Hope: as a noun, in part: “the feeling that what is wanted can be had or that events will turn out for the best”; as a verb, in part: “to look forward to with desire and reasonable confidence”.

Yes, there are other definitions of the word ‘hope’; both as a noun and an adjective. But I selected the two above because they resonated with me and past experiences. Or more accurately, a past experience. My prelude to another story from my past that seemed an appropriate way of opening this chapter; this chapter on hope.

In 1986 I had the opportunity to take a few years off. Off from the working life, that is. I had started my own company in 1978 after eight years of being a salesman for the Office Products Division of IBM UK. In 1986, the successful sale of my company meant that for a while I could go and play. By chance, I went on a vacation to Larnaca on the Island of Cyprus; Larnaca being on the Greek side of what was a divided island(and still is!) between Greece and Turkey.

Larnaca struck me as a lovely place on a lovely island in the Eastern part of the Mediterranean Sea. Again, quite by chance, one day during my vacation, when strolling around Larnaca Marina, I noticed a yacht with a For Sale notice on the yacht’s pulpit. The yacht, named Songbird of Kent, was a Tradewind 33, a type that I had heard about previously from reading yachting magazines. I vaguely recalled that the type had been designed in the UK by John Rock, himself an experienced deep-water yachtsman, for the purpose of serious ocean sailing and that many Tradewinds had completed vast ocean crossings.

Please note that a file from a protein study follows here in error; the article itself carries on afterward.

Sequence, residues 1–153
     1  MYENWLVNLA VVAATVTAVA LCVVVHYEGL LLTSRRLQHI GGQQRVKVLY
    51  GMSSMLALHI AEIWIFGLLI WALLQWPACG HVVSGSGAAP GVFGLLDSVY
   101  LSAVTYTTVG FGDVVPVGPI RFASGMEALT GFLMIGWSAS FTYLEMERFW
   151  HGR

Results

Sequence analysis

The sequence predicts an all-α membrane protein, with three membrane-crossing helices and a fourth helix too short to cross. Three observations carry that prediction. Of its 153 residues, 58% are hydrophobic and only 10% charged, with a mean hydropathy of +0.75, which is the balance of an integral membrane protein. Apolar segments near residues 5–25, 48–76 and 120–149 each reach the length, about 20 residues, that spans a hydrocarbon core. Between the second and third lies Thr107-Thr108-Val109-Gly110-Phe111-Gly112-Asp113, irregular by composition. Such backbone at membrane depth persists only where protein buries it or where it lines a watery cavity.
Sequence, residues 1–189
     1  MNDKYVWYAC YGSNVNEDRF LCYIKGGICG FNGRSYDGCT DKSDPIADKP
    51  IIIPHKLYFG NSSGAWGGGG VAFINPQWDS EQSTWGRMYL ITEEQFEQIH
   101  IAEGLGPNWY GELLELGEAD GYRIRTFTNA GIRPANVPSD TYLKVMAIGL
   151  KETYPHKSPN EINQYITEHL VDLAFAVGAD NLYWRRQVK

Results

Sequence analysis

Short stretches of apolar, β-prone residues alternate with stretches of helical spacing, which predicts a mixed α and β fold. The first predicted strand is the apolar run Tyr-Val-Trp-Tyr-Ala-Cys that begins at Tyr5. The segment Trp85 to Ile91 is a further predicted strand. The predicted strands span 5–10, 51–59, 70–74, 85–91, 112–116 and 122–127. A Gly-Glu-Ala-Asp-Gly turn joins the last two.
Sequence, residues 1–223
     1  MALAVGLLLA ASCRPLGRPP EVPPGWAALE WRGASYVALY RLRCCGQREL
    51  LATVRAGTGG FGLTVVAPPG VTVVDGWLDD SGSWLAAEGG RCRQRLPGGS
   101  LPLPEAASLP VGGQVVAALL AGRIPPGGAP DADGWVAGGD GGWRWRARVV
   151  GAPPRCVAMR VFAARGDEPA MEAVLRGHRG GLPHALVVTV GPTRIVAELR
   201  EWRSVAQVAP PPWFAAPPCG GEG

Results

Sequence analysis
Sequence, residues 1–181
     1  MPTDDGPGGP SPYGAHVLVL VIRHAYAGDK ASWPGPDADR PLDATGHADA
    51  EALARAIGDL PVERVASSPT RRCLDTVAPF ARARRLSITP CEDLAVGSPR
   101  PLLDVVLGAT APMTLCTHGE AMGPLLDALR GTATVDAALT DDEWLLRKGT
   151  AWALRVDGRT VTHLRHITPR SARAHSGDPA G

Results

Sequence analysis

I was still looking at the yacht, lost in some dream about sailing the seas, when a call from a man who had just come up from the cabin caught my attention. He had spotted me looking at the yacht.

Hi, my name is Ken and I’m the owner of Songbird. Did you want to come onboard and have a look around?” I couldn’t resist!

It transpired that Ken, and Betty his wife, an English couple, had been living on Songbird for some years, cruising the Mediterranean each Summer, and now wanted to return to England.
It was obvious that Songbird had been cared for in every possible way and that the yacht was offered for sale in a manner that meant she could become my permanent new home with little or no effort on my behalf.
Three hours later Ken and Betty and yours truly had agreed terms for the sale of Songbird of Kent. One of those spur of the moment things that we do in our lives that, so often, make being alive such a reward.

I should explain that as a younger man (I was 42 when I agreed to buy Songbird) I had devoured the books written by such round-the-world solo sailors as Francis Chichester and Joshua Slocum and others and harboured this silly, naive dream of one day doing a solo transatlantic crossing. Later on in life, when living in Wivenhoe in Essex, I bought my first yacht but never achieved anything more than local coastal sailing and a couple of overnight sailings to Holland; all with others I should hasten to add – never solo! However, I knew for sure that if there was one yacht that was perfect for open ocean sailing it was the Tradewind.

Thus it wasn’t long before my home in Great Horkesley, near Colchester, had been sold and I was adjusting to a new life as a ‘live aboard yachtie’ out in Cyprus.